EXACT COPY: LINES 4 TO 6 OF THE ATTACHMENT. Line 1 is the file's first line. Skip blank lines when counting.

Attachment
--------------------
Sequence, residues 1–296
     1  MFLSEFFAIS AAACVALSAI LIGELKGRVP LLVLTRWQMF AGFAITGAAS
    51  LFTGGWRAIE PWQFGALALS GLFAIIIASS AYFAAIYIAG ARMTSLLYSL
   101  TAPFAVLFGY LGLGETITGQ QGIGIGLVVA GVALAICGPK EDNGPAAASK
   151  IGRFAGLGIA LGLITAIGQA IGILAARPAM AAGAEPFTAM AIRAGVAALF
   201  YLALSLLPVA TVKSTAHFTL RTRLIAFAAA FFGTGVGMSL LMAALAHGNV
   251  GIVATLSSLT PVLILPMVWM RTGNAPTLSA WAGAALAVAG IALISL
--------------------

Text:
   101  TAPFAVLFGY LGLGETITGQ QGIGIGLVVA GVALAICGPK EDNGPAAASK
   151  IGRFAGLGIA LGLITAIGQA IGILAARPAM AAGAEPFTAM AIRAGVAALF
   201  YLALSLLPVA TVKSTAHFTL RTRLIAFAAA FFGTGVGMSL LMAALAHGNV